Stumpf’s legacy aids seniors - Republic-Times | News

Stumpf’s legacy aids seniors

By on April 11, 2018 at 1:54 pm

Pat Stumpf

After three decades of providing healthy meals and a place for senior citizens to occupy their time, Columbia senior center director Pat Stumpf knew it was time to retire.

But one key piece of the puzzle was missing for the dozens of seniors who utilized the center’s services each week. With the city of Columbia looking to take over the space inside City Hall the center utilized in the last six years, the seniors would need a new place to call home.

“Our last day at City Hall was Sept. 30 and I still didn’t know where we were going to go. (Fr. Carl Scherrer, Immaculate Conception Catholic Church pastor) called and said, ‘Guess what? You can move in here,’” she said.

Stumpf, 68, had reached out to Scherrer shortly before that, ensuring the senior center could continue as it had for years. The seniors now meet inside the new church at 411 Palmer Road.

“They’re so supportive here. It’s a really good place to be,” she said of the new location, adding, “This is a space where we can grow. We’ve got a whole room here. It’s really nice.”

In her 31 years as director, Stumpf faced some adversity as she steadfastly advocated for seniors. The senior center opened in 1977 at St. Paul United Church of Christ Columbia and has moved a total of 10 times since inception.

Stumpf has been there for a total of seven moves, including the most recent one. Some of the moves were because the entities leasing space to the center would end up growing and needing to use that space.

“We’ve had so many moves. But most of the time we’ve been asked to leave has been for a good reason,” she said. 

But at least one move was due to a catastrophe. In 1993, the flood that tore through Valmeyer also bore destruction on the senior center’s meeting space at Metter Park in Columbia.

Stumpf recalled being in a meeting with the Columbia Boy Scouts when the storm hit. When she came to check on the center the next day, Stumpf was devastated by what she found.

“When I opened the doors the next day, all I could see on the first few steps leading down was mucky water. I think we lost everything but the chairs,” she said of the damage.

Recalling the destruction, Stumpf said the flooding had been forceful enough to break the side door to the space and throw her desk into the wall. The fridge had also been tipped over.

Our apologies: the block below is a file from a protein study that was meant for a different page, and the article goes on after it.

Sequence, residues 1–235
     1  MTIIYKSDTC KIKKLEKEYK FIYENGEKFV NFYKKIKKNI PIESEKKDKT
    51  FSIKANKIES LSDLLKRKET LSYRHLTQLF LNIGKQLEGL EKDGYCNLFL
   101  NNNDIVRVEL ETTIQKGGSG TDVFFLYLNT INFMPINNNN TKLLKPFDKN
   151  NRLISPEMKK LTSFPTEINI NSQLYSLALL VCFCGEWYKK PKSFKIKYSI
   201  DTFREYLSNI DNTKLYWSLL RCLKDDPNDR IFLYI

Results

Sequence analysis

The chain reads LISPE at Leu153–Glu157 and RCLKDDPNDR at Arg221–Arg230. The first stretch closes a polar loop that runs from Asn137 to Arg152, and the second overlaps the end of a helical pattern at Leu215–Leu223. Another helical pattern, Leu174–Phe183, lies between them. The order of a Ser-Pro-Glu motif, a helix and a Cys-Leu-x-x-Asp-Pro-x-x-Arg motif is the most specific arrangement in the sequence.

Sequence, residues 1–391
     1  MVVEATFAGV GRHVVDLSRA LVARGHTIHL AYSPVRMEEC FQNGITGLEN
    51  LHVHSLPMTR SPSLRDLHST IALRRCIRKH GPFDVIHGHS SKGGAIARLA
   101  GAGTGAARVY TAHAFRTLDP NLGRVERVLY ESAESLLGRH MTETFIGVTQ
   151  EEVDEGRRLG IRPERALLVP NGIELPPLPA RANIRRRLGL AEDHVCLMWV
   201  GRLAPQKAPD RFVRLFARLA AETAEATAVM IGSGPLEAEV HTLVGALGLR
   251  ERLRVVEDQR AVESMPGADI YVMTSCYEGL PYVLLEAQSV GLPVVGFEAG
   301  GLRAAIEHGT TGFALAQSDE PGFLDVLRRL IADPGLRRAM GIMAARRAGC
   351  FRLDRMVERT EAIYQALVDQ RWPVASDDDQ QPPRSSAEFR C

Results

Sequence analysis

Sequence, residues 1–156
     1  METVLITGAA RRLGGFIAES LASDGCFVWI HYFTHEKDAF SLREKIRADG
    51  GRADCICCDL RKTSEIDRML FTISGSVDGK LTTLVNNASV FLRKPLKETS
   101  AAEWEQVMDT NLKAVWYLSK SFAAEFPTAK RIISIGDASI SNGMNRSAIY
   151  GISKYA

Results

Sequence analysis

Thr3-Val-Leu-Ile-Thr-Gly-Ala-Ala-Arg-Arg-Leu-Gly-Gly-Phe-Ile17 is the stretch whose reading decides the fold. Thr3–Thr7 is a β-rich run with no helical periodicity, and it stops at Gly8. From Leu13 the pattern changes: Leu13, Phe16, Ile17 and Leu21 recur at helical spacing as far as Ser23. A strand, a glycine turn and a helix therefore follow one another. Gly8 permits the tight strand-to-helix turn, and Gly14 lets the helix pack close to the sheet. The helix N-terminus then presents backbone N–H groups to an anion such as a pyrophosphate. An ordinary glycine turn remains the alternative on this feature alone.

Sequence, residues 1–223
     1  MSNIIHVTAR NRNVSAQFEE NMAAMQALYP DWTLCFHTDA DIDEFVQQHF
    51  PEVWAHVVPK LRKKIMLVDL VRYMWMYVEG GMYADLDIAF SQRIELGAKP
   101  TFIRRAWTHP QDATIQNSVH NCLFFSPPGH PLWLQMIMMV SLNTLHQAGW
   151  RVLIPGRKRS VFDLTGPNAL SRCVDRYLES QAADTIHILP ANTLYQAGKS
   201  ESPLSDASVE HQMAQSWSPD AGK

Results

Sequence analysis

“We were lucky no one was there because we would have lost some people. It was that bad,” she said. 

In the month’s time it took Stumpf and the seniors to rebuild, they were fortunate enough to be able to share the Waterloo Senior Center. They then found a more permanent location in St. Paul UCC for the next 14 years.

While Stumpf’s years with the center have been marked with a lot of relocation, she has also managed to give the seniors access to a lot of helpful programs. Stumpf said through the center, seniors can get their license plate renewal fees reduced.

Additionally, health screenings and flu shots are services available through the center, as well as meals, activities and a number of other programs. About 45 to 50 seniors take advantage of meals provided through the center.

Waterloo senior center director Kim Elizalde noted that these centers serve as a last refuge for seniors.

“It’s a place to go for questions. It’s where they can go and talk to other seniors and spend time with people their age,” she said. “Some people don’t have families. So we’re the only people they see.”

When reflecting on Stumpf’s impact on the seniors, Elizalde said she is amazed at how long Stumpf has been director.

“Anyone who’s been in this job for 31 years — she should get a gold medal,” she said. “She’s been fantastic. I know her seniors love her. She’s been there through the course of many changes.”

Throughout that time, many seniors have become Stumpf’s closest friends. She has seen many of them die over the years. 

She has watched them build friendships. In some cases, she has seen them connect with the love of their life.

“I’ve loved meeting new people and becoming their friend. I’m a good listener,” she said. “We’ve lost a lot of good people. It’s sad. But I was glad to have them.

“It’s good to have this place. I’ve even had three people meet their spouses here, which is kind of cool. I think that’s why I’m involved.”

The senior center recently hosted a party for Stumpf to celebrate her retirement — her retirement date was March 29.

Sean McGowan

Sean is a die-hard Cubs fan, despite the relentless peer pressure coming from the rest of the Republic-Times staff. He and his wife, Jacqui, have been married for two years. Originally from the west suburbs of Chicago, Sean and his wife moved down to Normal to attend Illinois State University and stayed central Illinois residents for the past four years.